Netanyahu has recognized the problem – he is good at identifying such matters - and met it with a desperate assault on the voter. It may have been smarter to go the route of what is called in American politics a "Rose Garden campaign" – a campaign based on the power that comes with the job, without any unnecessary running around. A trip to the US, yes - it impresses voters - but running around Kiryat Motzkin and Ashkelon, from market to market, from video clip to video clip, only exacerbates the sense of disgust. It is a case of "enough already." Netanyahu has become the guest who overstays his welcome – he came, sat down and forgot to leave.
But neither of Netanyahu's last two tenures was a complete failure – that would be a patently unfair summary. There were some very good decisions made (such as investments in transportation and cybernetics) and very bad decisions (such as the crisis with the US administration). There was a dearth of decision-making primarily in areas that Netanyahu does not view as "real life", such as the cost of housing and the cost of living. But the reader is invited to note something unique to Netanyahu - the appreciation for him comes in cycles.
As we move through these cycles, the greater the friction grows, and people appreciate him less, are more fearful because of him. The chant "Just not Netanyahu" did not come from a secret conference of leftist organizations, it came from people who had been there, and who got burned. See, for example, our recent interview with Meir Dagan.
It seems that the media in this election was more hostile, more aggressive and meaner to Netanyahu than it had been to any prime minister before. Why him, why now? General fatigue probably has a role in this phenomenon. Journalists get weary first: they are addicted to renewal, to change.
But there is perhaps something more, perhaps there is a healthy democratic outburst. The huge media investment by Netanyahu's patron with the sole purpose of serving him and Netanyahu taking personal control of Channel 1 television and the Ministry of Communications, have produced the opposite of the desired effect. One can imagine the aggressive attitude that journalists discovered towards Netanyahu this election, the aggression of the human body in the face of an invasion by an alien virus. He was attacked in the news studios, in the daily newspapers; they trampled into the ground him in satirical shows.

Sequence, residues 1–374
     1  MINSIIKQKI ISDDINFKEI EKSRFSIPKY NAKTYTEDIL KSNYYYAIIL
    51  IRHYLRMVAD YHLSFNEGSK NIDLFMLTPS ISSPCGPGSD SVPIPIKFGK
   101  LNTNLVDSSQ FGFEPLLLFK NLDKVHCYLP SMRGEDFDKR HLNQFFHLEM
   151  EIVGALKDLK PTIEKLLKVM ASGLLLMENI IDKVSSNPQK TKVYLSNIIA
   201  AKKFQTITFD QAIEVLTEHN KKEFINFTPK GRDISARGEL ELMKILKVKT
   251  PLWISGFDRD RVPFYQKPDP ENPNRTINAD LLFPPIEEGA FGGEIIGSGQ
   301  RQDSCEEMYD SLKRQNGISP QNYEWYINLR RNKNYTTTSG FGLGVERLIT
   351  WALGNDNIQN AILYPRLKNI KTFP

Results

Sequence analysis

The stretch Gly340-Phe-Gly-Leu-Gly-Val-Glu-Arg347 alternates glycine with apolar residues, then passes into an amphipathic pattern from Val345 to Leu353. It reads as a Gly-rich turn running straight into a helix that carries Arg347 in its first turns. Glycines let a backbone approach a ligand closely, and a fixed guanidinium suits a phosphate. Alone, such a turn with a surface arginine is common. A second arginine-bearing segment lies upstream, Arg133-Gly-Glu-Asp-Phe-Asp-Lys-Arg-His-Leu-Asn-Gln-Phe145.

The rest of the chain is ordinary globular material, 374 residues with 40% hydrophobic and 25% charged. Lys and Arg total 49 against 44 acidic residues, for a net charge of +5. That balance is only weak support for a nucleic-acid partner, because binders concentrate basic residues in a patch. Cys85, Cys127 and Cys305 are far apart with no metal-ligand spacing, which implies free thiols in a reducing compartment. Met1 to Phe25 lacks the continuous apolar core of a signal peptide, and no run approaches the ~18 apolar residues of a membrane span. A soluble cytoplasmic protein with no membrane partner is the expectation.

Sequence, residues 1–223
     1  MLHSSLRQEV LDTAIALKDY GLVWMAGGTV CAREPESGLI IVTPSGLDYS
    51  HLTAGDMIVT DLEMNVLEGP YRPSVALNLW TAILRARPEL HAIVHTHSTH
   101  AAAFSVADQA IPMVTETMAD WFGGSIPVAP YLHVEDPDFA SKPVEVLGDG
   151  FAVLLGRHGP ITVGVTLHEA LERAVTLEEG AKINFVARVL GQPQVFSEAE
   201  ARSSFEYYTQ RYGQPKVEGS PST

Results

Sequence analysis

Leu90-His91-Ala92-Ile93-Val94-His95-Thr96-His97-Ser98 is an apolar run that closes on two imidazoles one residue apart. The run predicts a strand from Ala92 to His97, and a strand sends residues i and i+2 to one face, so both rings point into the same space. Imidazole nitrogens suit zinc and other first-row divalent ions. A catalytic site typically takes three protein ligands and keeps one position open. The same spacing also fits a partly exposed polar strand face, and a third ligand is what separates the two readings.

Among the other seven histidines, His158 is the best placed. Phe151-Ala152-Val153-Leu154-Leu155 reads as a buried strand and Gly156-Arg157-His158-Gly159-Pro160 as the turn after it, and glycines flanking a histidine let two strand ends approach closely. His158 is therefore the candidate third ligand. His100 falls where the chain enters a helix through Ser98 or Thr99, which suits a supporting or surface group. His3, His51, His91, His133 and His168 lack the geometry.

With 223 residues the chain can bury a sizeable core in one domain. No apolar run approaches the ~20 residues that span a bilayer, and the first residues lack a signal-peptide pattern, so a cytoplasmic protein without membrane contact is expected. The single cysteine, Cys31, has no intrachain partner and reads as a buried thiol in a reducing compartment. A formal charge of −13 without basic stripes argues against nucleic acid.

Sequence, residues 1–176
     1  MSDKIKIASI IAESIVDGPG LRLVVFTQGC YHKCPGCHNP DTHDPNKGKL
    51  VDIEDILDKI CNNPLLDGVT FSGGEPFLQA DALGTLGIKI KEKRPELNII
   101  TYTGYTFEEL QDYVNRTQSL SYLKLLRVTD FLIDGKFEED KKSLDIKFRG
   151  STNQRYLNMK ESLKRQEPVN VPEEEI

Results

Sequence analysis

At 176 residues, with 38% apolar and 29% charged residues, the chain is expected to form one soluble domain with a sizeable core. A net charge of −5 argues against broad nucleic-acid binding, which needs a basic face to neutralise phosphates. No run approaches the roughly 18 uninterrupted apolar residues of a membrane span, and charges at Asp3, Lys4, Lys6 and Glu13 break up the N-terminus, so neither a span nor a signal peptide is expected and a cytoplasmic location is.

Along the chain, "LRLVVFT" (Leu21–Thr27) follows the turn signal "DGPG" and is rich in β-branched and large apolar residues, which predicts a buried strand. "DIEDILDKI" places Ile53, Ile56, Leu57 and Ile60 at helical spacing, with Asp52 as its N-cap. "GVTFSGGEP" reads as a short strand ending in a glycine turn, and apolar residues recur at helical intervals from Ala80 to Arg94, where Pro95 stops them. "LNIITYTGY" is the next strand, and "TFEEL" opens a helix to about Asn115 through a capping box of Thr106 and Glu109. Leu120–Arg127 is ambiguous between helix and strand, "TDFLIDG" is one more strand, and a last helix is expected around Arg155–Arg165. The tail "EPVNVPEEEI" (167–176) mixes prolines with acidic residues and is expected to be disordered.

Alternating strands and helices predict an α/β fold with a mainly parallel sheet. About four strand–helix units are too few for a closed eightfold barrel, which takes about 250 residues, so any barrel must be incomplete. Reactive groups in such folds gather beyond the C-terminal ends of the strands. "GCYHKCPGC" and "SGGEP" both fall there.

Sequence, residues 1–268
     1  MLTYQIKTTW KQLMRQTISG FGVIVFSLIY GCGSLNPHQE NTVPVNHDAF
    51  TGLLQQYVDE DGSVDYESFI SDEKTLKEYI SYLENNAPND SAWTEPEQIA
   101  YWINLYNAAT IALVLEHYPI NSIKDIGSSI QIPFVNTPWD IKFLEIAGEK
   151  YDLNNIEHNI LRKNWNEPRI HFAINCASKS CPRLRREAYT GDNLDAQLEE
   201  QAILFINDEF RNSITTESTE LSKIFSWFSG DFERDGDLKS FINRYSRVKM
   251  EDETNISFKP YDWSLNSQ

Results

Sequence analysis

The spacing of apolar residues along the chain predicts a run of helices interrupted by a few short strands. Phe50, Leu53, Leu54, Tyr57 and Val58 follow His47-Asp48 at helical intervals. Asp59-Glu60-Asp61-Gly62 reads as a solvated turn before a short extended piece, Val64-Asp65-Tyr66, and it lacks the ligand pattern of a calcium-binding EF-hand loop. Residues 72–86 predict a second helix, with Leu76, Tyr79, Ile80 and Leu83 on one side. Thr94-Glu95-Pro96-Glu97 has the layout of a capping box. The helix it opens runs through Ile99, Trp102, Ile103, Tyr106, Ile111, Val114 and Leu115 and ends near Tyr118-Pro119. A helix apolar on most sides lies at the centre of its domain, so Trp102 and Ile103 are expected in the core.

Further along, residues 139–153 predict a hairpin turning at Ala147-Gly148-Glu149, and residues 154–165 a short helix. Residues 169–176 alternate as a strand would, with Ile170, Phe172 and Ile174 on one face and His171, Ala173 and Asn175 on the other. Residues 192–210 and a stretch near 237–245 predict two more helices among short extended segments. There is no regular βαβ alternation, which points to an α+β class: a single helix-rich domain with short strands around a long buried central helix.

It wasn't polite; it was cruel, sometimes even unfair, but that's the essence of a democracy. Money can buy a printing press; money can buy reporters. But in Israel, in this wonderful country, it cannot buy everything.
The day after
Ten days ago, Isaac Herzog struggled with the question of would take precedence in any agreement to rotate the leadership. Netanyahu obviously wanted to be first, but – as was clear to all – he intended to dismantle the government immediately before the exchange. How could he be forced to comply with such an agreement?
Various ideas were suggested, such as making the coalition sign a contractual agreement in the presence of the president. These creative ideas were pushed to one side when the polls were published in the middle of this week. If the Zionist Union was leading, it was only natural that its candidate would serve as prime minister first. Would Netanyahu agree to serve two years in a government headed by Herzog? One of the Jews who met the Netanyahus in Washington claims he heard from Sara Netanyahu that her husband is determined to stay. He will not quit.
Netanyahu has made similar off the record remarks in Israel. If he is willing to serve in a unity government, which ministry would he seek for himself? His appointment as foreign minister would not help efforts to restore confidence in Israel in Washington, Berlin, London and Paris - confidence that was hit hard because of Netanyahu; his appointment as defense minister would be reluctantly accepted by the IDF top brass; his appointment as finance minister would receive widespread opposition in the Labor Party.